Thomas Paine, revolutionary and Founding Father, argued in his seminal work, The Rights of Man, that, “Whatever is my right as a man is also the right of another; and it becomes my duty to guarantee as well as to possess.” Rights are often talked about in generic and universal terms, as if their public articulation negates political, economic, social and historic barriers to the free exercise thereof. Notions of race, having no basis in fact in a biological sense, but wielding immense influence in a psycho-social and political sense, are again a flashpoint. One must wonder if we are ever to be free of race-baiting and discrimination, if we will ever unearth our better angels, if we will ever affect a more perfect Union?
It is difficult for most of us to wrap our heads around the ugliness in Charlotte, or Barcelona, the goings on in the world these past few years--all the senseless violence, petty cruelty, blatant bigotry, insidious duplicity, and moral gerrymandering--and come away believing we are advancing as a species. The sordid underbelly of humanity festers, as it always has, just beyond the pale. Our masses though, with heightened resolve in recent decades, refused entrée, firm in the conviction that certain evils, once put down, must not be exhumed. Suddenly, this is not the case. We are a skiff at sea, no direction or port. There are no ground rules in this age of narcissism, moral relativism, and tribalism. At stake are our most important values and institutions.
I am disgusted by images of Americans marching by torchlight under the Nazi banner, chanting the Third Reich's heinous slogan 'blood and soil'. I am sickened by those who wield Klan slogans and armamentarium, symbols of 150 years of domestic terrorism against a people previously torn from their land and subjugated to centuries of enslavement and brutality. I am infuriated that a western leader, regardless his politics and party, fails to unequivocally condemn race supremacists and the violence they conjure. Did the twentieth century teach us nothing? Hate must have no quarter. To quote Madison, a chief author of the Constitution, “If Tyranny and Oppression come to this land, it will be in the guise of fighting a foreign enemy.”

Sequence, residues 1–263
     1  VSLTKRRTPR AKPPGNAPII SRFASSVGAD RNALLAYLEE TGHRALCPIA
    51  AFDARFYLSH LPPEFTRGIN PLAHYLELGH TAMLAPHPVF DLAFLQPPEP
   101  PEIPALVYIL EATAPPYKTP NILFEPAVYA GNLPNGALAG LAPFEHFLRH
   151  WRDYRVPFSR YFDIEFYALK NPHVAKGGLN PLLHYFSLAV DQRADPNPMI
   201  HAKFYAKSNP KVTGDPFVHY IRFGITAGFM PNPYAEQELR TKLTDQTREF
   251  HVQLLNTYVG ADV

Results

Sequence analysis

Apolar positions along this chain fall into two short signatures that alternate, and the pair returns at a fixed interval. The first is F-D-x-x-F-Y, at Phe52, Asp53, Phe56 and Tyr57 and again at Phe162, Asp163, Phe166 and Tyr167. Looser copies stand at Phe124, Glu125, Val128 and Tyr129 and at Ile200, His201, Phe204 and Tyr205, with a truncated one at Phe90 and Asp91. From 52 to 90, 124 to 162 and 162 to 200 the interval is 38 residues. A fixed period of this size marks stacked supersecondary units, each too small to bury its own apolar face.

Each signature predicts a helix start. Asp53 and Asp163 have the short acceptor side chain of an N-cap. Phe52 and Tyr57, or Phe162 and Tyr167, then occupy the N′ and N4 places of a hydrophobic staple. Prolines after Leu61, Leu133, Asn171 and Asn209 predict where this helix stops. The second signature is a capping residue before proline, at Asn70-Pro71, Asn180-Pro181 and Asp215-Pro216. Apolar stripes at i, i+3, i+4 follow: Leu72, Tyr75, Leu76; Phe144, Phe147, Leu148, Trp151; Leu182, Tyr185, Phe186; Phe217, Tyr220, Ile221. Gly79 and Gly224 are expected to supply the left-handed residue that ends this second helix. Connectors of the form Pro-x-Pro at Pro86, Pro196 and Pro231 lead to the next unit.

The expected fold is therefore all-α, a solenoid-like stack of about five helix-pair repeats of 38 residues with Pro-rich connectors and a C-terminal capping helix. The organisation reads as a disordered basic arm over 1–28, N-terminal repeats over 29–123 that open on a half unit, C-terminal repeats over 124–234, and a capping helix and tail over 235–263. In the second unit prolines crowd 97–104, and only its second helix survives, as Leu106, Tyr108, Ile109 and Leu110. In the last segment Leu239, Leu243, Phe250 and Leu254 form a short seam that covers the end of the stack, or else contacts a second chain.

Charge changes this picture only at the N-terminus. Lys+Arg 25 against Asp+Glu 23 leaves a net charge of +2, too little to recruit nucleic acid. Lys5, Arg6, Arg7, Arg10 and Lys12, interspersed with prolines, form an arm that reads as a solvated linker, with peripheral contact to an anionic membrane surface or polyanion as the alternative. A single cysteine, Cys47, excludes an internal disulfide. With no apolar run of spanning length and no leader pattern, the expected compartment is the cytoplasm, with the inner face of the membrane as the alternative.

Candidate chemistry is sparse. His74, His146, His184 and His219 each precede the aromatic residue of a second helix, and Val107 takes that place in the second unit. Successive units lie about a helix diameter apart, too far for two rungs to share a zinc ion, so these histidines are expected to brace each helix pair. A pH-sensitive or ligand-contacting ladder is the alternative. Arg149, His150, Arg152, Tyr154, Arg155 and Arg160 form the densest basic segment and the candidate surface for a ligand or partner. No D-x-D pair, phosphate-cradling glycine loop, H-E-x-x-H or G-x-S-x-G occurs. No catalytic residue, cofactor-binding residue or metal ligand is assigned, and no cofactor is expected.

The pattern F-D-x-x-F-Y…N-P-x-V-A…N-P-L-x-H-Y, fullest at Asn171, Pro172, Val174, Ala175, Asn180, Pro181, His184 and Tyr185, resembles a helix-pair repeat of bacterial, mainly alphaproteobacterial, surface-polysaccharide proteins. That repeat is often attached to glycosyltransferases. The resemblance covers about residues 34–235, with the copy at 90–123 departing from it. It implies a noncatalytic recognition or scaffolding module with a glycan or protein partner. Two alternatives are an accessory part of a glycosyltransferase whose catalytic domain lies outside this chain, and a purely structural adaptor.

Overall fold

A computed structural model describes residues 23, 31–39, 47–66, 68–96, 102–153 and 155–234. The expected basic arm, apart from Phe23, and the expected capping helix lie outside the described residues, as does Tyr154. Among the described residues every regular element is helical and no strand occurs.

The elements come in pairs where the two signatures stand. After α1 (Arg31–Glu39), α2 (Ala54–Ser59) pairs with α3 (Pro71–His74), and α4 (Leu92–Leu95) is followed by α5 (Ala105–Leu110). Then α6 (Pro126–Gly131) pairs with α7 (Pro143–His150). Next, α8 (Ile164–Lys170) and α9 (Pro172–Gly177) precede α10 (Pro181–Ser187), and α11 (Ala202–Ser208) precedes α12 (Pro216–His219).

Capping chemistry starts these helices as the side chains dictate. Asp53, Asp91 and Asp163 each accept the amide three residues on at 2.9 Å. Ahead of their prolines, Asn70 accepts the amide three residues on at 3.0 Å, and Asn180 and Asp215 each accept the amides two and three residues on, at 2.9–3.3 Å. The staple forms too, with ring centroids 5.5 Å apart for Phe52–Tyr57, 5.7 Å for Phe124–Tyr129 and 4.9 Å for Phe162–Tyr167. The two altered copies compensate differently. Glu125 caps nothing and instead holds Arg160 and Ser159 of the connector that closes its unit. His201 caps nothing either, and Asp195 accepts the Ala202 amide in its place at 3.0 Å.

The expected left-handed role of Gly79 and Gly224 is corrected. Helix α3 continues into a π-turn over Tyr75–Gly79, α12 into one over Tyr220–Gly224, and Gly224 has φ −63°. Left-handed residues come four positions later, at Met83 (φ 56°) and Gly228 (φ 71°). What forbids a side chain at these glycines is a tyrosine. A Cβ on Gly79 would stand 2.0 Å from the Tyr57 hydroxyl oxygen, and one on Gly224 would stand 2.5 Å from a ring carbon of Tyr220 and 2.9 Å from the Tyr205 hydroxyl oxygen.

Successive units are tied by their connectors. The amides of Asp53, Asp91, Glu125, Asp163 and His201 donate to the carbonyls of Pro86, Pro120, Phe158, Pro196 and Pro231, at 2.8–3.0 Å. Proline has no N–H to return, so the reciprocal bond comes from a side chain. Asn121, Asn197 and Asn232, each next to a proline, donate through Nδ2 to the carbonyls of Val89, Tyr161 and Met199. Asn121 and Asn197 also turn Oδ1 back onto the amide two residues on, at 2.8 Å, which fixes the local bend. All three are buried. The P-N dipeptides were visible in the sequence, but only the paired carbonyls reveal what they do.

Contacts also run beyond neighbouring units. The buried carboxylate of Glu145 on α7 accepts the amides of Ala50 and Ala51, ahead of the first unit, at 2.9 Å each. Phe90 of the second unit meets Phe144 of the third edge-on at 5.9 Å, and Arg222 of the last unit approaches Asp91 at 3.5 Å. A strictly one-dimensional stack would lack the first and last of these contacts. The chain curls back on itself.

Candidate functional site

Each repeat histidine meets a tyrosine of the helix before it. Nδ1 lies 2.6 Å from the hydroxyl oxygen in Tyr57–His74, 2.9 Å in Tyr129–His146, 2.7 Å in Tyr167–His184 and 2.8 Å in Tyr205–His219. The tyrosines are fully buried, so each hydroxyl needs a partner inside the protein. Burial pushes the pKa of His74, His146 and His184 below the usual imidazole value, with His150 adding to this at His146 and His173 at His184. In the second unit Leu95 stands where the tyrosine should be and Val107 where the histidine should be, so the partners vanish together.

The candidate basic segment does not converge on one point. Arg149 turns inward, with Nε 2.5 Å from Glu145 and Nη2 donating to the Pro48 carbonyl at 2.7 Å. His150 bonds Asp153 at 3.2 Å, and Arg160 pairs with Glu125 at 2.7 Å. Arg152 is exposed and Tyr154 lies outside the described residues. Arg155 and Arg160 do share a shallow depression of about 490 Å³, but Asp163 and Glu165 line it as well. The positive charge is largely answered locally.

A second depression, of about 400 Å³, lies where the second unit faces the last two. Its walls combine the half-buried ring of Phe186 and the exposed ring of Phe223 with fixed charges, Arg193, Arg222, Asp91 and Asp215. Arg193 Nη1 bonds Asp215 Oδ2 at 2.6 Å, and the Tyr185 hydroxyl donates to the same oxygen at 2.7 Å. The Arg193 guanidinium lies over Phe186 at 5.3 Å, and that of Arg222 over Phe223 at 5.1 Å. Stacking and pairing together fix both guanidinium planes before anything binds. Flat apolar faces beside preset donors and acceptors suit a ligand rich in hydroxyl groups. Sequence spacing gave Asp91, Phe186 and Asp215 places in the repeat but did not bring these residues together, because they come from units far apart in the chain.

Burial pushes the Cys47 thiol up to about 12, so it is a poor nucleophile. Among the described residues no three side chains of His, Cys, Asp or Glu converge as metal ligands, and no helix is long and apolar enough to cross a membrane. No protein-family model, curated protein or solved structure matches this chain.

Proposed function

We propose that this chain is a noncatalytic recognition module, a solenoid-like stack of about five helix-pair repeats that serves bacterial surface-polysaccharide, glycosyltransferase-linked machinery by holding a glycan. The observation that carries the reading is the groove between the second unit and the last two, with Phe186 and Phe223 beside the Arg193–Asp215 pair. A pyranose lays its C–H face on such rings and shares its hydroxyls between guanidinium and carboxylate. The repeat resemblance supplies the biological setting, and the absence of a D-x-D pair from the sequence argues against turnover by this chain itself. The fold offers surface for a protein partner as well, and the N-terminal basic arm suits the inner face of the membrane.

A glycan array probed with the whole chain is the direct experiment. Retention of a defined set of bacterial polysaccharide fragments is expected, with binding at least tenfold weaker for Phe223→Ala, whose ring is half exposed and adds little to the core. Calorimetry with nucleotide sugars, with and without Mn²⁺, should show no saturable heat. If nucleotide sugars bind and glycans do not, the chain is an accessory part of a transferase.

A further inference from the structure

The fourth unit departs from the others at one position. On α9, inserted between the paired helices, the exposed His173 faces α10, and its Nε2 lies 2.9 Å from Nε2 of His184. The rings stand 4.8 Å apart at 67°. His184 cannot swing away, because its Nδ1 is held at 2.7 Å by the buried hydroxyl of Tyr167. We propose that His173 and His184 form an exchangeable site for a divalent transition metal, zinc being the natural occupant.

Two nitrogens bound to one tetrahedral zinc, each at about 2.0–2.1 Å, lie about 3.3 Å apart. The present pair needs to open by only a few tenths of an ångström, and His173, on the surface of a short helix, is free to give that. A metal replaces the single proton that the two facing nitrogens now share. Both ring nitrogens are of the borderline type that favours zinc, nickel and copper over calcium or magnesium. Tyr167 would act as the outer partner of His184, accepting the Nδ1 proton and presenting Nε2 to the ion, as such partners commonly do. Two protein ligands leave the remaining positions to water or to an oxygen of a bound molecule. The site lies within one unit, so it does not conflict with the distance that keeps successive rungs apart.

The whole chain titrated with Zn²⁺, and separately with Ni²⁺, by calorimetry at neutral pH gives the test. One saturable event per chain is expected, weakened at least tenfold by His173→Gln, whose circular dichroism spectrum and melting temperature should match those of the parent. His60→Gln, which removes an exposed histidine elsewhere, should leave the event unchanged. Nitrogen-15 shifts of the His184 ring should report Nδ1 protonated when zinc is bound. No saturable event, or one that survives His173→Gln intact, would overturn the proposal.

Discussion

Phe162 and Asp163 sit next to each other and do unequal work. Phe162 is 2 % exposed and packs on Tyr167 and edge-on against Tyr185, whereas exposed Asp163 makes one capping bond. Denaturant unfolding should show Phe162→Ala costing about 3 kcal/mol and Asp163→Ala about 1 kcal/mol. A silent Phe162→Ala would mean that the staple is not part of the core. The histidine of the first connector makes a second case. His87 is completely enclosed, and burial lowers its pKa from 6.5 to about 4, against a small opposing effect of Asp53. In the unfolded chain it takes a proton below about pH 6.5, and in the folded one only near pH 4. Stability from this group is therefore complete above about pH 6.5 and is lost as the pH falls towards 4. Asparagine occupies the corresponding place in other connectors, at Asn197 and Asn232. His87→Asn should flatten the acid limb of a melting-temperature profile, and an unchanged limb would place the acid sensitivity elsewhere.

It is now vogue to normalize the obscene. The unthinkable is excused and the lessons of the past ignored. Ethics are dismissed and trivialized, fodder for the lowest common denominator. While a pluralistic society has always been more a promise than a reality, subject to complex and contradictory forces, the nation has generally, clumsily, plodded forward, not backward. It is why for nearly a century the world has looked to this country for moral leadership, but this is changing.
Let us carefully consider history's greatest calamity, World War II. I am reminded that before the war, before the decimation of peoples and the pandemic of violence, countless signs were ignored, and millions of decent people looked away even as they knew in their hearts and minds that something was amiss. Nazis didn't take the castle by force. They were invited in, elected, normalized, made usual. Once inside the halls of government, they peddled a currency of hate, their fascist credo metastasized, and then it was too late.
The worst of our collective history is almost always a symptom and rarely a cause. Civilization is an idea...that we are better together. It is a social compact designed to meet the needs of its adherents. Civilization, the very notion, is a moral concept...that we might rise above our base tendencies and be better. Every meaningful attempt at the idea has been a slow accrual of rights and privileges in the hope that someday we might live up to the promise of the whole enterprise. It stands to reason that without a collective willingness to hold hard ground in defense of what is right and just, the odds are stacked against our noblest aspirations, and we regress, diminish.
As an educator in the service of children, I pause and wonder aloud, where are my missed opportunities? Do I look away? What will I do today to ensure our children have the role models they deserve? Are our most important ideas: fairness, respect, honesty, generosity, humility, kindness, made clear and emphasized? As a parent, I ask myself the same questions.
Little things can add up to big things. Teaching courtesy is the foundation of respect. We've strayed from please and thank you, from holding doors. How much easier is it then to stray from the Golden Rule, from inclusion, from tolerance and a recognition of our shared humanity? How much easier is it to be subject to what Aesop called the great chewing complacency?
Moral relativism is nonsense, a wolf in sheep's clothing, equivocation and delinquency by a different name. Some ideas, those that exist only to spread hate and divide us, that breathe life into contemptible action, must not be allowed to proliferate. We know what hate hath wrought. On this, history is crystal clear. Our children must be taught to be better than our past selves. Right and wrong are real, a moral gravity in a moral universe. Echoing the words of one of the greatest leaders, let us endeavor to teach our children to live, “With malice toward none; with charity to all; with firmness in the right, as God gives us to see the right...to do all which may achieve and cherish a just, and a lasting peace, among ourselves, and with all nations.”
See you around campus.